Open Source Solutions for Small Business Problems by John Locke
Working for a number of small businesses, I have seen first hand how Linux and open-source software can be used to solve specific problems. It is great to see a good book detailing open-source solutions for small businesses. John Locke takes an excellent approach to this subject by addressing both the business manager who must decide what solutions to implement and the IT administrator who must implement those solutions.
Locke covers all of the software you need for your small business, including e-mail, customer relationship management, finance and disaster recovery. Each chapter provides valuable background information aimed at helping the nontechnical reader understand both the problem and the solution, as well as the details necessary for an intermediate Linux or Microsoft Windows administrator to implement the solution. Locke wisely chooses software that has the features you need, as well as strong community support. He recommends Postfix for e-mail because of its security, performance and feature set. He also recommends RetrieverCRM for customer relationship management and SQL-Ledger for financial management. Most of the solutions Locke presents will run on Windows as well as Linux, for an easy transition into the open-source world.
Although Locke provides good instructions on how to implement these solutions, there is not enough room in his book to provide all of the details you may need. For this reason he provides many references at the end of each chapter, pointing you to books, articles and Web sites that can provide the details you need. Written for a beginning to intermediate user, Locke does a great job of keeping the chapters simple and easy to follow.
Practical Task Scheduling Deployment
July 20, 2016 12:00 pm CDT
One of the best things about the UNIX environment (aside from being stable and efficient) is the vast array of software tools available to help you do your job. Traditionally, a UNIX tool does only one thing, but does that one thing very well. For example, grep is very easy to use and can search vast amounts of data quickly. The find tool can find a particular file or files based on all kinds of criteria. It's pretty easy to string these tools together to build even more powerful tools, such as a tool that finds all of the .log files in the /home directory and searches each one for a particular entry. This erector-set mentality allows UNIX system administrators to seem to always have the right tool for the job.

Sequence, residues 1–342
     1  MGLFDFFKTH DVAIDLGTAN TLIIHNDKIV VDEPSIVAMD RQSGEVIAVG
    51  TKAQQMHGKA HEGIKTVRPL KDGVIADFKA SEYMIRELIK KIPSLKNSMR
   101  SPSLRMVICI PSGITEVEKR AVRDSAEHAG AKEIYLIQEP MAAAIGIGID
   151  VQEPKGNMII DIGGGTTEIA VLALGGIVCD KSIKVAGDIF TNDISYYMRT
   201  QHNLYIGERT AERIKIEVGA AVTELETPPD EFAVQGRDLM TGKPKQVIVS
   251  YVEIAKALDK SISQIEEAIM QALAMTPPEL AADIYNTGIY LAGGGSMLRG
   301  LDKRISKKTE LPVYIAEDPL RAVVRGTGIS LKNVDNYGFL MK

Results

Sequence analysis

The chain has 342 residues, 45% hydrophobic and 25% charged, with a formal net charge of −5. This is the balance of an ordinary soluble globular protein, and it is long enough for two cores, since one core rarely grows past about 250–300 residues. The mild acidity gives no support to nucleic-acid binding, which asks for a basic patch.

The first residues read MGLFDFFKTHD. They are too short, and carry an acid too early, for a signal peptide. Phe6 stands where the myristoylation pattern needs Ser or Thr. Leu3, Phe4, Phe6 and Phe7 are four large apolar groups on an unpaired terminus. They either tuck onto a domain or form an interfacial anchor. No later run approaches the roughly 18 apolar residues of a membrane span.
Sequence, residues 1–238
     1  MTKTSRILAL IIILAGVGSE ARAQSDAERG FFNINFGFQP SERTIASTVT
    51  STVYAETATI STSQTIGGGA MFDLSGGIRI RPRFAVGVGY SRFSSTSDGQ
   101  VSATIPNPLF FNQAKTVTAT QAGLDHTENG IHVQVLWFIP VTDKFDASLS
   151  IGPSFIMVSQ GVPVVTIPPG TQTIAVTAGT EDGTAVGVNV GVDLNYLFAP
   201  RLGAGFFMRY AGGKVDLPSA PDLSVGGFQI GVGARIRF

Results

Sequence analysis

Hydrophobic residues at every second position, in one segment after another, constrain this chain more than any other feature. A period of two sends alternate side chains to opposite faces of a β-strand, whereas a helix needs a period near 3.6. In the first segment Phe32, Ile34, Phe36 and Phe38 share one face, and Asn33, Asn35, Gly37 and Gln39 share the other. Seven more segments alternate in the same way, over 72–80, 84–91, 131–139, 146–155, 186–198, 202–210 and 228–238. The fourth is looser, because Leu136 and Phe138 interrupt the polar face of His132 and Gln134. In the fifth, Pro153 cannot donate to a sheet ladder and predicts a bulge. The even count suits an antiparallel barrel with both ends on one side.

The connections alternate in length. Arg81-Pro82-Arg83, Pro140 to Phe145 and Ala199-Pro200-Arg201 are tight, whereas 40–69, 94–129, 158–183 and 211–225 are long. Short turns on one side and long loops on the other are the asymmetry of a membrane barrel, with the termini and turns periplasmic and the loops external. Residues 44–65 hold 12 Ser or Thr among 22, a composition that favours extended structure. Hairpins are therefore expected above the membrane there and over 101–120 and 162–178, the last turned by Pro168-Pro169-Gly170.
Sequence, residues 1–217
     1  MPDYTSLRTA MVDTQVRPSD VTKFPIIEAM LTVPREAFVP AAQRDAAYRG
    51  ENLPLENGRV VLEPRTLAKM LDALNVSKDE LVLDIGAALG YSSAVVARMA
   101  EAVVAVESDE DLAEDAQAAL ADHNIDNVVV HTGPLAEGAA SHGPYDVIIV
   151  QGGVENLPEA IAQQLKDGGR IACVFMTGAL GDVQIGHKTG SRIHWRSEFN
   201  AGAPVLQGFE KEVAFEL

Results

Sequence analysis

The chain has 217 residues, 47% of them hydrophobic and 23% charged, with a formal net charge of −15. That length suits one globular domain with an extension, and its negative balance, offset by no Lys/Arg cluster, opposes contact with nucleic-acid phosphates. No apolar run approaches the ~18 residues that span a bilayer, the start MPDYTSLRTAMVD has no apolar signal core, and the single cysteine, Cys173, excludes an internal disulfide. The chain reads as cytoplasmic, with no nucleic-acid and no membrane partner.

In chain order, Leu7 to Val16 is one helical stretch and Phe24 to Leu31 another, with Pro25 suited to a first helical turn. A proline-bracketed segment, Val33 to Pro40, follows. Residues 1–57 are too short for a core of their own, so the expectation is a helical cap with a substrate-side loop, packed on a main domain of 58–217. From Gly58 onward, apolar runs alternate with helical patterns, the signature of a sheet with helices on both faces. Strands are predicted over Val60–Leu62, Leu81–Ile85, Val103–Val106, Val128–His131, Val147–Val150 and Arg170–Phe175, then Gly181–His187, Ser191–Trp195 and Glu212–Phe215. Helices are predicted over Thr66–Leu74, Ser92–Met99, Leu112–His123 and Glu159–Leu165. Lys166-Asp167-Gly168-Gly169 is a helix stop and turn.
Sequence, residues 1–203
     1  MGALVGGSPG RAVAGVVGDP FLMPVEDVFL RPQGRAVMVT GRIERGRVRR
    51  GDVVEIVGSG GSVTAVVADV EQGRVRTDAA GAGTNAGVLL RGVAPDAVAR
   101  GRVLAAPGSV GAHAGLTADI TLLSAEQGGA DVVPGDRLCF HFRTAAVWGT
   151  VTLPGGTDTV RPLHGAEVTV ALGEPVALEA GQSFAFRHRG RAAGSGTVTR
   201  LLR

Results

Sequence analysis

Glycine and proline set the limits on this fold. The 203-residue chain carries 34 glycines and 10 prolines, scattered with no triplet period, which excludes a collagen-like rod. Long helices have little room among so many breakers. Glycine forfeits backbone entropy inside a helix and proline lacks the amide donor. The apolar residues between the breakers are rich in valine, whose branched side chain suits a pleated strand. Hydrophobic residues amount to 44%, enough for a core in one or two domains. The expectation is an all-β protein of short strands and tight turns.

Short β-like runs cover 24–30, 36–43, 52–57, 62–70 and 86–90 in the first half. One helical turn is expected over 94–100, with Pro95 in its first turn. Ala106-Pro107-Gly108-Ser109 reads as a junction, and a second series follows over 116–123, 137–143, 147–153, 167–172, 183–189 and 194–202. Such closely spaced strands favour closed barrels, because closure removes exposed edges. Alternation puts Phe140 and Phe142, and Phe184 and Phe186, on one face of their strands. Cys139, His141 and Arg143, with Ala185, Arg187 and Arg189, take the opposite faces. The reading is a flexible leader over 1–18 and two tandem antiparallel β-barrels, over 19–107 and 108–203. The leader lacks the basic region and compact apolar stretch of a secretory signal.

Cron traditionally has been considered another such a tool for job scheduling, but is it enough? This webinar considers that very question. The first part builds on a previous Geek Guide, Beyond Cron, and briefly describes how to know when it might be time to consider upgrading your job scheduling infrastructure. The second part presents an actual planning and implementation framework.
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With all the industry talk about the benefits of Linux on Power and all the performance advantages offered by its open architecture, you may be considering a move in that direction. If you are thinking about analytics, big data and cloud computing, you would be right to evaluate Power. The idea of using commodity x86 hardware and replacing it every three years is an outdated cost model. It doesn’t consider the total cost of ownership, and it doesn’t consider the advantage of real processing power, high-availability and multithreading like a demon.
This ebook takes a look at some of the practical applications of the Linux on Power platform and ways you might bring all the performance power of this open architecture to bear for your organization. There are no smoke and mirrors here—just hard, cold, empirical evidence provided by independent sources. I also consider some innovative ways Linux on Power will be used in the future.Get the Guide